Allowing the appeal, the Court of Appeal (Lords Justices Lloyd-Jacob and Sullivan; Sir David Keene) held last Friday that Norris J failed to have adequate regard to the consideration that, refusing to allow the amendment, the court was gifting Apotex the benefit of the £17.5 million awarded as damages as a total windfall. For Apotex, in English proceedings, to be awarded this sum of £17.5 million -- which might be unjustified -- was a very serious matter and the judge's failure to take this into account seriously affected the exercise of his discretion.

The Court of Appeal added that, after the judge's decision, the Federal Court of Appeal in Canada had affirmed indeed its own decision. This made it even more likely that Apotex had received an unjustified benefit in England. The amendment was accordingly allowed -- but there was a little sting in the tail: the amendment was only to be allowed on the basis that Servier paid all the costs of the inquiry to date, since it should have raised the matter from the outset.

NB: this item is prepared in reliance on a Lawtel note and an earlier weblog post. This decision is not yet available on BAILII.

Addendum: since a number of readers have emailed PatLit to record, correctly, that Lloyd-Jacob J passed away some decades ago and to suggest that the report should have referred to Lord Justice Jacob, PatLit wishes to confirm that the Lawtel note really does say "Lloyd-Jacob LJ". I quote from the rubric of this case entry:
CA (Civ Div) (Lloyd-Jacob LJ, Sullivan LJ, Sir David Keene) 12/2/2010
References: LTL 12/2/2010 EXTEMPORE
Document No.: Case Law - AC9601308
There is probably something in the CPR to provide that, while deceased judges may not try matters at first instance, and are probably not required to conduct case management hearings, they may be empanelled to hear appeals so long as they constitute a minority of those judges presiding ...

Friday, 12 February 2010

No real progress

The current issue of Informa's 10-times-a-year Patent World magazine has an article, "Another False Dawn" by Alan Johnson (Bristows), which will do little to cheer up those desperate souls who daily scour the entrails of European patent litigation for signs of meaningful progress. The article recalls the proud proclamation which was trumpeted last year:
On 4 December 2009 an EU press release was issued which was grandly entitled “Patents: EU achieves political breakthrough on an enhanced patent system". The press release went on: “The Council has today unanimously adopted conclusions on an enhanced patent system in Europe. The package agreed covers major elements to bring about a single EU patent and establish a new patent court in the EU. Both together will make it less costly for businesses to protect innovative technology and make litigation more accessible and predictable. Today’s agreement will pave the way for solving the outstanding issues to achieve a major reform of the EU patent system in the near future".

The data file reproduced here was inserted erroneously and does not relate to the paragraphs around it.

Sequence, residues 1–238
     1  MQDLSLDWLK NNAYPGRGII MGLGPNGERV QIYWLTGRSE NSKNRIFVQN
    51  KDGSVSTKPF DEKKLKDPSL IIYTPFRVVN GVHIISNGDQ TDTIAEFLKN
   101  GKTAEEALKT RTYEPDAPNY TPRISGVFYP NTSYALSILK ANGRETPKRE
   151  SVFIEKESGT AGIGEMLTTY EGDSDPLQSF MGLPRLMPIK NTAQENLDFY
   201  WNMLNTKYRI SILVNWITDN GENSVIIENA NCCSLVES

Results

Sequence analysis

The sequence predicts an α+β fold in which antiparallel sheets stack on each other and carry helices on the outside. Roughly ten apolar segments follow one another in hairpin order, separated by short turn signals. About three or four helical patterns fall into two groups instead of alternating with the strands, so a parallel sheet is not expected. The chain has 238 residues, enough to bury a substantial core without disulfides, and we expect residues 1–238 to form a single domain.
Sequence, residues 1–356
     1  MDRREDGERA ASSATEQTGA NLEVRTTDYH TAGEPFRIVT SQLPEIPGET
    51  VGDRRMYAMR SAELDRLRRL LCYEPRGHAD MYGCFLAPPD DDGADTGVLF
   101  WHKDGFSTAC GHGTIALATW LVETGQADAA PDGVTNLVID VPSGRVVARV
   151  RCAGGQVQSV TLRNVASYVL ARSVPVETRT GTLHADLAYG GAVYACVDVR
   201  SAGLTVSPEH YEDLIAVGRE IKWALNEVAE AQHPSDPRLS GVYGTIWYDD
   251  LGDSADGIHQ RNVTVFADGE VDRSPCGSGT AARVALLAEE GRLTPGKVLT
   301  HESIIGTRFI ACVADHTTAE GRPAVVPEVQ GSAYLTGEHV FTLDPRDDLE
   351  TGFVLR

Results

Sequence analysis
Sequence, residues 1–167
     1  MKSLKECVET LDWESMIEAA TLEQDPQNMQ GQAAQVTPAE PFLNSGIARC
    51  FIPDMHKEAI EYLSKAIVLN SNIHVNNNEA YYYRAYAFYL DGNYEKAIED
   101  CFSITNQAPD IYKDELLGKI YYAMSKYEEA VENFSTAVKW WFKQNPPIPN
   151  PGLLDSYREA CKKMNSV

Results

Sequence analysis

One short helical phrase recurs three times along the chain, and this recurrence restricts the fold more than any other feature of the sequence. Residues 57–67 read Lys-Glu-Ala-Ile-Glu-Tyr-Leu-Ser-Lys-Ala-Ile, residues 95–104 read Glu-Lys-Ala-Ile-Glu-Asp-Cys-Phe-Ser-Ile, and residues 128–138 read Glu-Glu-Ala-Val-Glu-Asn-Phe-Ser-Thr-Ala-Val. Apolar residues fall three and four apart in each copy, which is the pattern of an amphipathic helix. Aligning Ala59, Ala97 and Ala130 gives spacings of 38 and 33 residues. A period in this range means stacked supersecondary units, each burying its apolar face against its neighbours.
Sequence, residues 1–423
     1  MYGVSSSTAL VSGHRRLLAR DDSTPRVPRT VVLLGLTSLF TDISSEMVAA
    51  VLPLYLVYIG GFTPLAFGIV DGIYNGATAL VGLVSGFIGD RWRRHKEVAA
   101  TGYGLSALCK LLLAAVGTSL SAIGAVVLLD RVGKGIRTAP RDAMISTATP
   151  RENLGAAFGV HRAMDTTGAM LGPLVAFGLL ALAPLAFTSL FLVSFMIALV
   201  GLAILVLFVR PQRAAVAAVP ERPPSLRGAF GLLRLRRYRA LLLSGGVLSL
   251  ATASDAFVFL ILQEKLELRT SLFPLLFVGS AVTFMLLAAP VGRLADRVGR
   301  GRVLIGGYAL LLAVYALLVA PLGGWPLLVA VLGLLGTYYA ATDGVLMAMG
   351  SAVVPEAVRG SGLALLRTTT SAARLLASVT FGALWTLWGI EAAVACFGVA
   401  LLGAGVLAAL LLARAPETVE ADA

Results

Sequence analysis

The story behind the spin is however that "little real progress has been made on the creation of an improved European patent system". Don't we know it!

Thursday, 11 February 2010

"I do declare ..."

Florida patent lawyer Mark Terry, in an article on his blog yesterday entitled "When Can a Patent-Related Letter Spawn a Declaratory Judgment Action?", touched on a topic of some sensitivity in the United States: what kinds of letter can the plaintiff's attorney send out to a suspected infringer without the anxiety that it will trigger an action by its recipient who seeks declaratory judgment action in its own forum rather than that of the plaintiff? He offers the counsel of caution:
... in order to avoid declaratory judgment jurisdiction, I recommend sticking to exactly what the court stated doesn't constitute grounds for a declaratory judgment action: "a communication from a patent owner to another party, merely identifying its patent and the other party's product line".
This advice follows a Federal Circuit case that erupted last year after Texas-based patent-holder Acceleron wrote a letter to an alleged infringer, Hewlett-Packard, which only (i) brought the pertinent patent to the attention of HP, (ii) requested a dialogue and (iii) requested a confirmation that no "case or controversy" existed at the moment. Following further correspondence HP filed a declaratory action in Delaware. This did not please Acceleron, which claimed there was no "case or controversy" since it didn't actually threaten to sue or even claim that HP was infringing.

The Federal Circuit disagreed with this interpretation of the facts, for the following reasons: (1) Acceleron stated the patent was relevant to HP's product(s) [this is presumably a pretty well ever-present factor in cases in which a patent owner considers that the recipient of the letter is infringing his patent]; (2) Acceleron imposed a short deadline for responding to their letter [this is likely to be interpreted as a litigation-led imposition]; (3) Acceleron insisted that HP not file suit [ditto] and (4) Acceleron was a non-competitor patent holding company [it's not clear to me what weight should be given to this factor. Surely if the parties had been market competitors, the same implication could be drawn that litigation was being contemplated?].

Wednesday, 10 February 2010

Carving out an exception to injunctive relief

Virgin Atlantic v Premium Aircraft (t/a Contour) [2009] EWCA Civ 1513, a decision at the tail-end of last year from the Court of Appeal for England and Wales (Lords Justices Jacob and Patten, Mr Justice Kitchin), concerned an application for a stay of a damages inquiry and final injunction in light of (i) Contour's application to the Supreme Court for leave to appeal, and (ii) an appeal in European Patent Office opposition proceedings.